|What can you do to engross your reader?|
Saturday morning, at our monthly RWA meeting, multi-published best-selling author Faith Hunter spoke on the first five pages of a manuscript and how they can make or break a sale. Firstly, I just want to say how lovely she is and fun and vibrant. So committed to her work, yet striving to make it enjoyable at all costs. Much to look up to there. We were truly blessed to have her as a speaker, and I so hope she comes back again.
But moving on to her lesson: The First Five Pages. I won't break it down word-for-word, but I would like to tab out a few important things to remember--things that really grabbed me and on which I plan to work ASAP--before you send those few requested, vital pages to an agent or editor. The way I've planned this, however, is to give you a crucial part of the process with each blog post. Why? Many reasons, the main being 1) I can't do anything without explanation and examples, and too many can lead to a long, long post. Which brings me to 2) I want you to really chew on each morsel. Think it over. Because we all want to be the best writers we can be, published or no, right? Good! Here we go:
1. You must have a good, grabbing, baiting opening/beginning. Now, that was a lot of -ing's, but hear me out: When was the last time you read a book that took, oh, a good chapter or two to really set your heels into it? Bet we can all remember one from recent weeks/days. But what about those that, when you read those first few lines, the first opening paragraph or patch of dialogue, you thought, "Wow. I wanna do it just like that." Or something close to it. Uh huh. I'll wager a buck-fifty one just popped into that brilliant brain of yours.
When I wake up, the other side of the bed is cold. My fingers stretch out, seeking Prim's warmth but finding only the rough canvas cover of the mattress. She must have had bad dreams and climbed in with our mother. Of course, she did. This is the day of the reaping.
Those are the opening lines of The Hunger Games by Suzanne Collins. From that small paragraph, what do we know? Whoever is speaking is likely... what? Poor? Female, perhaps? More than likely--she sleeps with her sister, after all, who apparently has nightmares. And the author provided us with the will to read on. How? That last sentence: This is the day of the reaping. What's the reaping? No clue. But I definitely want to find out.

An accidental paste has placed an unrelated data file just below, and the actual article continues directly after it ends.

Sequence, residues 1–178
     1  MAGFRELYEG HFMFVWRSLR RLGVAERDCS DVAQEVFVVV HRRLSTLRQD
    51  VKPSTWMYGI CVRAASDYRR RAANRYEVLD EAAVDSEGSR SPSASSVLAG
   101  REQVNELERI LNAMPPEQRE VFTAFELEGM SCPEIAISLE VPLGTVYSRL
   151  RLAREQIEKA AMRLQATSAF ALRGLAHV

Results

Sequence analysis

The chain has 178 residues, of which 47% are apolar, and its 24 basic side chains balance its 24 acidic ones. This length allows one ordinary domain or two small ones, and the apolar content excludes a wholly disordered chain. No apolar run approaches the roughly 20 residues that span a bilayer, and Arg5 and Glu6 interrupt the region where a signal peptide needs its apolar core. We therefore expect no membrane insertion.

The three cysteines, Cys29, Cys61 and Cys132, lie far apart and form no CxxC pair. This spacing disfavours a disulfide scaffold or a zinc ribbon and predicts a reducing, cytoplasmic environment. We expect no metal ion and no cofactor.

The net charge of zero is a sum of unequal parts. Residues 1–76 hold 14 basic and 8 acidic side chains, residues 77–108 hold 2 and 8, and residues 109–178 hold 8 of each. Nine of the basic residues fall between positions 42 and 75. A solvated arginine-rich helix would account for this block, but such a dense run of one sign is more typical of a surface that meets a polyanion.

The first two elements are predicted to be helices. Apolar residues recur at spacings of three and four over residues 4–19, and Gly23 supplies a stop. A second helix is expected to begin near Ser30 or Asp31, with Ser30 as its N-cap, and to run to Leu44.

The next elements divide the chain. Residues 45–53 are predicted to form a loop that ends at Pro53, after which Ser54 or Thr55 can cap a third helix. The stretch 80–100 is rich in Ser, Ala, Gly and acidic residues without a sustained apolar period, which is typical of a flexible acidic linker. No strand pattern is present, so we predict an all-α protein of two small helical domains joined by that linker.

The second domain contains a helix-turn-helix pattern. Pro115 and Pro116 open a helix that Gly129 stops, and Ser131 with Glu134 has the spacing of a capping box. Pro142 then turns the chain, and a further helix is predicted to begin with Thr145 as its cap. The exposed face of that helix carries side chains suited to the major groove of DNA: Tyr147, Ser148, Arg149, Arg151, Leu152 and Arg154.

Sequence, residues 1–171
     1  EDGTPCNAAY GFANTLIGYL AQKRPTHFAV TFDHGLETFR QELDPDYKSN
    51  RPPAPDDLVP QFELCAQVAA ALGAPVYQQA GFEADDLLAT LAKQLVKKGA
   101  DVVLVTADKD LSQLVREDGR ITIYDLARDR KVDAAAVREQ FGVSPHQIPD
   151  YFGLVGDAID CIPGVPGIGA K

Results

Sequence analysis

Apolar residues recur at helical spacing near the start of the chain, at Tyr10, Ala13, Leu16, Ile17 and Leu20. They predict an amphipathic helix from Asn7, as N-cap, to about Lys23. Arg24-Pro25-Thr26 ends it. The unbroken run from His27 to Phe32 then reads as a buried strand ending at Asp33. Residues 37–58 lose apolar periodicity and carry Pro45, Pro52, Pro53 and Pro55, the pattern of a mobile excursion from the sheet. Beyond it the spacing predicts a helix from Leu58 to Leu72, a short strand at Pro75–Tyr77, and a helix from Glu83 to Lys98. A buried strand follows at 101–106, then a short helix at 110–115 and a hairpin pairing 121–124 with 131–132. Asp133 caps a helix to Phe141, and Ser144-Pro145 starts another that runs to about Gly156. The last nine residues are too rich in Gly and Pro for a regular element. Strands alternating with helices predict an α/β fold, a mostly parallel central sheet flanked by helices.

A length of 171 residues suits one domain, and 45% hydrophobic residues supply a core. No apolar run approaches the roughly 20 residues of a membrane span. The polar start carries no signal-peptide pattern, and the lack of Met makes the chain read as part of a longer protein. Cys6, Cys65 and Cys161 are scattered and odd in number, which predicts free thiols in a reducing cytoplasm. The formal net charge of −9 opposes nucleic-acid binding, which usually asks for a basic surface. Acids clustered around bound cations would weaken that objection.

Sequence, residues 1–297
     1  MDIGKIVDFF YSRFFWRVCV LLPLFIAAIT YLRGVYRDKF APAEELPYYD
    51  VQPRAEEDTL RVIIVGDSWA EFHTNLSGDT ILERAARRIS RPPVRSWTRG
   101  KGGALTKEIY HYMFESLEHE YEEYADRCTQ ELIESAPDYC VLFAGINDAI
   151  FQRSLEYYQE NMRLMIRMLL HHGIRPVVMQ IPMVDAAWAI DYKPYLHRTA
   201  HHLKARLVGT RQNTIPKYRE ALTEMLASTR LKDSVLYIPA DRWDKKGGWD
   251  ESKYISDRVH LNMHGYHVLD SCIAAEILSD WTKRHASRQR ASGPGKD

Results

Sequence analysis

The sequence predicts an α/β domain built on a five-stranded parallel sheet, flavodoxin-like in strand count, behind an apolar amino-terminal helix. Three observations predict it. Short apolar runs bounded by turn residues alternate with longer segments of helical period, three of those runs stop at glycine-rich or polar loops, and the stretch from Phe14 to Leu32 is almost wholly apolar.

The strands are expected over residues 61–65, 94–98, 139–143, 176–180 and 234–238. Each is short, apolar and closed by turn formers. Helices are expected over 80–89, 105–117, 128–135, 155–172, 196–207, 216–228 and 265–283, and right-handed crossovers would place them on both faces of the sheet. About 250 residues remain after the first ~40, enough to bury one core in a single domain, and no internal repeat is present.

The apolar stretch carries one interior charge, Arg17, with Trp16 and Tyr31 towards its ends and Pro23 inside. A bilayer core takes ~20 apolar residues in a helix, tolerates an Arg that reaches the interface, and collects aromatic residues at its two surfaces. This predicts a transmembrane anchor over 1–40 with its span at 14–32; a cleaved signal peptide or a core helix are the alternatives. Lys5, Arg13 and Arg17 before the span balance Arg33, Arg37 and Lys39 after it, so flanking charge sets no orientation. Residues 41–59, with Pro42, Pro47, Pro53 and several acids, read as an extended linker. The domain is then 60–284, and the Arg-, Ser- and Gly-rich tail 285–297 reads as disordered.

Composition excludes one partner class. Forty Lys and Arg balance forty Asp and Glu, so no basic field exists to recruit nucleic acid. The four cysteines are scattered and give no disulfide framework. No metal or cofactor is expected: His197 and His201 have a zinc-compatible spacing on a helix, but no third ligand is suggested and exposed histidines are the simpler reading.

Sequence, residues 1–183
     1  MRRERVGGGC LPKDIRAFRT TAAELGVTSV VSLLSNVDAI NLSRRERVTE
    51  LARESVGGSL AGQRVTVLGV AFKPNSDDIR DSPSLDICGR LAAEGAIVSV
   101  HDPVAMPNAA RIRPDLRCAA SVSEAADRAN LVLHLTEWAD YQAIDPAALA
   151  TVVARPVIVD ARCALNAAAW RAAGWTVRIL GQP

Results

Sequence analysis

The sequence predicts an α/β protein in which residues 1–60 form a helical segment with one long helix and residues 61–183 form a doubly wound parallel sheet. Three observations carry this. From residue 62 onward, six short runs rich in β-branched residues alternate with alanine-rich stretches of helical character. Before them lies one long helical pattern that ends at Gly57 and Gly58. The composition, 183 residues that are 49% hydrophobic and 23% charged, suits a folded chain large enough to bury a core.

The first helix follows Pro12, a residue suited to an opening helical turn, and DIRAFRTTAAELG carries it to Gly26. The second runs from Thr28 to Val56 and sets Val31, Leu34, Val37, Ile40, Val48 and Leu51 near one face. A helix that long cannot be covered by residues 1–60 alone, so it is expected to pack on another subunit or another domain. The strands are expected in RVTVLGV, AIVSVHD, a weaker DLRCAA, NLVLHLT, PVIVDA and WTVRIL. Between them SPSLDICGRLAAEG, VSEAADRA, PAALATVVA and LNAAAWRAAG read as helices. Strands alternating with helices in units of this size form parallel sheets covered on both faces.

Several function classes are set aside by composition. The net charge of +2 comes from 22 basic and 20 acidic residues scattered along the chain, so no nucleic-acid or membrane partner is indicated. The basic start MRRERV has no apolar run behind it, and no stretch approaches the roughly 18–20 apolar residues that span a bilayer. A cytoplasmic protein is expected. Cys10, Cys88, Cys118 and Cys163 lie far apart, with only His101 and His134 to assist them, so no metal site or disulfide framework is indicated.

Collins also delivers a simple, yet important example of what we all need to remember when starting a story: Today is the day of change. What do I mean by that? Your characters, the people you practically know as family now they've been in your head for so long, were going about their normal everyday lives. Washing dishes, paying bills, going to school/work, whatever. Until today. At the beginning of this story. This is the day of the reaping. Obviously, today is the day of change. This event should also prove pivotal later in the story.
Here's one more.
"Too old for this shit," muttered Craw, wincing at the pain in his dodgy knee with every other step. High time he retired. Long past high time. Sat on the porch behind his house with a pipe, smiling at the water as the sun sank down, a day's honest work behind him. Not that he had a house. But when he got one, it'd be a good one.
That is the first paragraph from Joe Abercrombie's The Heroes, and it's today's Kindle Daily Deal ($1.99--that's $23 off the normal price!). Unlike The Hunger Games, I haven't yet read this one, but from the several sentences which compose that opening bit of bait, I'd say this is a man, away from home--far away, even--who's perhaps waiting on an ambush of some sort. And he's done this many, many times, from the pain in his joints. Something also tells me he's also not gonna get that house anytime soon. I'll trust Mr. Abercrombie to fill in the pages to follow with battle and adventure, showing Crow's extensive cunning, bravery, and valor.
See how that works? Now, it's up to you, dear author, to tell us what happens next.
Peace, Love, and Junior Mints,